Since, as Shauna James Ahern states, one in one hundred people are suffering from celiac disease, the intended audience is obviously a broad one. Chances are, you have at least one friend who is suffering, and probably more that just aren't aware of it. With that said, its obvious why "gluten free" is becoming a trend in the United States. The Gluten Free Girl and the Chef treat their readers like family. They are assuming that the readers are in the same battle, which is a quality of the book that will draw you in immediately.
The book is divided into two main parts. The first, at home, includes heart-warming stories of how the Gluten-Free Girl and the Chef met and fell in love. Their courtship, their struggles, their laughs, even their flatulence (his specifically). This is done with the same engaging approach as the beginning introductions. The Gluten-Free Girl has a wonderful way of making you a friend through her writing. Each story is followed by a recipe that accompanied the shared moment in her life. Over 10 recipes that Ahern shares, and over 10 stories about her romance and fight through this disease.
The second part is the recipes regarding James Ahern's restaurant. It was well thought out to include slightly less stories and more tips on the recipes. These recipes are more in depth and difficult for the "at home" cook, and the tips are well used. The most difficult recipes have exact descriptions of each and every step, making it a breeze to follow, and keeping the fear out of cooking at this level.
The photography, by Lara Ferroni, was beautiful. It was simple, elegant, and gave the recipes the final touch. Having a visual finishing point, and such an elegant one was a bonus. The photographs graced almost every other page, and some full pages.
This cookbook, a term I use loosely, since it seemed a page-turning love story with recipes mixed in, is a must have for any kitchen. Odds are, you will need to know how to cook gluten-free and even better odds are, you will want to cook gluten free. The Gluten-free Girl and the Chef invite you into their homes and their hearts, and fill your belly in the process. I felt honored to read this book, and my guests who required a gluten-free diet, surely felt loved when I produced for them.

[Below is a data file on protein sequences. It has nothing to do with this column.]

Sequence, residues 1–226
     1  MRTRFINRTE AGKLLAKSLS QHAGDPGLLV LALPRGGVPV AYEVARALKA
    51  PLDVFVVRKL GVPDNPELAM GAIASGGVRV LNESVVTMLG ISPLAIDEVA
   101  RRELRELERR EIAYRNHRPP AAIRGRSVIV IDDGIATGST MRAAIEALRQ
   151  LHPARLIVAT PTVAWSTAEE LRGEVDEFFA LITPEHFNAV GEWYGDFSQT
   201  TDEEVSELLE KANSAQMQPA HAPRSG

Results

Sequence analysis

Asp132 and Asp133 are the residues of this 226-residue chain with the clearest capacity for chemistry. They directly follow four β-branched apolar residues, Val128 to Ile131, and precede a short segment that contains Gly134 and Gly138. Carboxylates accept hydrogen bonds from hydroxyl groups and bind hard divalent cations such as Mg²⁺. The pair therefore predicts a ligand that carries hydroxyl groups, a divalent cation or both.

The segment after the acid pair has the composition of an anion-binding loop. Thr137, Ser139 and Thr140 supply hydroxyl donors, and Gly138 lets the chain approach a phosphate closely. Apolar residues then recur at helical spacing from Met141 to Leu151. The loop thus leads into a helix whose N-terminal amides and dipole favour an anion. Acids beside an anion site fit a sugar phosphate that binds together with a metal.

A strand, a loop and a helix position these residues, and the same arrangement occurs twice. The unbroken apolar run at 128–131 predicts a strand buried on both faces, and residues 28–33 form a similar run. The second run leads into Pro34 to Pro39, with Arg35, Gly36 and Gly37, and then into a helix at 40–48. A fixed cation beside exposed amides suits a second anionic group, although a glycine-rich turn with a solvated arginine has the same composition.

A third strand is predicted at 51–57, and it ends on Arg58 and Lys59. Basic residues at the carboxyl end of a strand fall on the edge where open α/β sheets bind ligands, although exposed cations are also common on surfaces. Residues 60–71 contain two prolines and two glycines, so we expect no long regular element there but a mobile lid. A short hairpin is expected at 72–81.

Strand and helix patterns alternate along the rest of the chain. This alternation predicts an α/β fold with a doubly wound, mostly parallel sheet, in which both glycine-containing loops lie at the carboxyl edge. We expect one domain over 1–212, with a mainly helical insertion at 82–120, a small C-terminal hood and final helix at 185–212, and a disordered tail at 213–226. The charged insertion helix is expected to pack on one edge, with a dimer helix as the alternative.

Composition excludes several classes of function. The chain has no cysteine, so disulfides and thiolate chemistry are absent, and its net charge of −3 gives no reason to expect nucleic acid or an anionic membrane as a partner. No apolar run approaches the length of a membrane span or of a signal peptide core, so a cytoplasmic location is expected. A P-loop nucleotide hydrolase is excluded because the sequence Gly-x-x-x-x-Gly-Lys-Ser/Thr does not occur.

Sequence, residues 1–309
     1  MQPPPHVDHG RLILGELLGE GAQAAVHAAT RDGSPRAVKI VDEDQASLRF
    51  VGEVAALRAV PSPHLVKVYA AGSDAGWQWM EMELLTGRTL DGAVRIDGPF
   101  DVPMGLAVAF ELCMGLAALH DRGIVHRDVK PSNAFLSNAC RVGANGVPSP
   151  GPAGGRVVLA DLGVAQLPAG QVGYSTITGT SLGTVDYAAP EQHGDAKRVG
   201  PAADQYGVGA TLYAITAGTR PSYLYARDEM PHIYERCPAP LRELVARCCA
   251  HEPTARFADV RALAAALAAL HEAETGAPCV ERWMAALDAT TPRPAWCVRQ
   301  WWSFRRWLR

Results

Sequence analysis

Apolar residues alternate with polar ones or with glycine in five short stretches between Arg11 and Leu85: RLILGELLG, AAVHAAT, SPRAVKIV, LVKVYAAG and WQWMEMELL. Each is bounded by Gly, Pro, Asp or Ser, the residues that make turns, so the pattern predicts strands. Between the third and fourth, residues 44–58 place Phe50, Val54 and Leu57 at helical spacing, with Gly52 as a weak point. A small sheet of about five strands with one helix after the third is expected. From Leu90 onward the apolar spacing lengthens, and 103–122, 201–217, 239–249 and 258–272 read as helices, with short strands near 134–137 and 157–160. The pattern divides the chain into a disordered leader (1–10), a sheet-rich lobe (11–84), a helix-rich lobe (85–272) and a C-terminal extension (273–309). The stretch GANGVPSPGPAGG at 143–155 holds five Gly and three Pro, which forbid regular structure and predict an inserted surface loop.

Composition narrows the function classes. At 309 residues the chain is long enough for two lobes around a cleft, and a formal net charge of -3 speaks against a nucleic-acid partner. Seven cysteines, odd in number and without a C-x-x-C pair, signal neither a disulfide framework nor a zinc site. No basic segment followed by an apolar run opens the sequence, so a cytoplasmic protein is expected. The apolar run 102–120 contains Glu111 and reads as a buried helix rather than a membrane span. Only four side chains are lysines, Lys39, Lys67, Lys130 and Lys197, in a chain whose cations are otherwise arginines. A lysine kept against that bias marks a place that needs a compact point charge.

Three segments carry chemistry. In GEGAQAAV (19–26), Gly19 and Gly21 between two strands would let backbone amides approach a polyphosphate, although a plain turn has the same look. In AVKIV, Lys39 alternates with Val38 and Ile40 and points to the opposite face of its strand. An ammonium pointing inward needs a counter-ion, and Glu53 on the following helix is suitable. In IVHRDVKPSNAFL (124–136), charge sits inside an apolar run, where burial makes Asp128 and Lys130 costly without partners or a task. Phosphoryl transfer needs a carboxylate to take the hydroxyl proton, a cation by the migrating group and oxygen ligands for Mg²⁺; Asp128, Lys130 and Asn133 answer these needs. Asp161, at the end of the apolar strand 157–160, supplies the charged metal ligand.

1 out of 9 people found this review helpful.Was this review helpful? Yes NoThank you for your feedback. Report this reviewThank you, this review has been flagged.
Posted May 24, 2014
I picked up this book in a used book store because I am trying to cook for my niece, who has recently been diagnosed with a gluten intolerance. I was not impressed with either the purple prose of the "love story", or the actual recipes. I tried things like the tart recipe, and despite being an experienced home cook and baker, the result was a god-awful mess . . . as were several other recipes. This read like something from a vanity press.Was this review helpful? Yes NoThank you for your feedback. Report this reviewThank you, this review has been flagged.
Posted December 12, 2010
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Posted September 16, 2010
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Posted January 25, 2011
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Posted March 19, 2011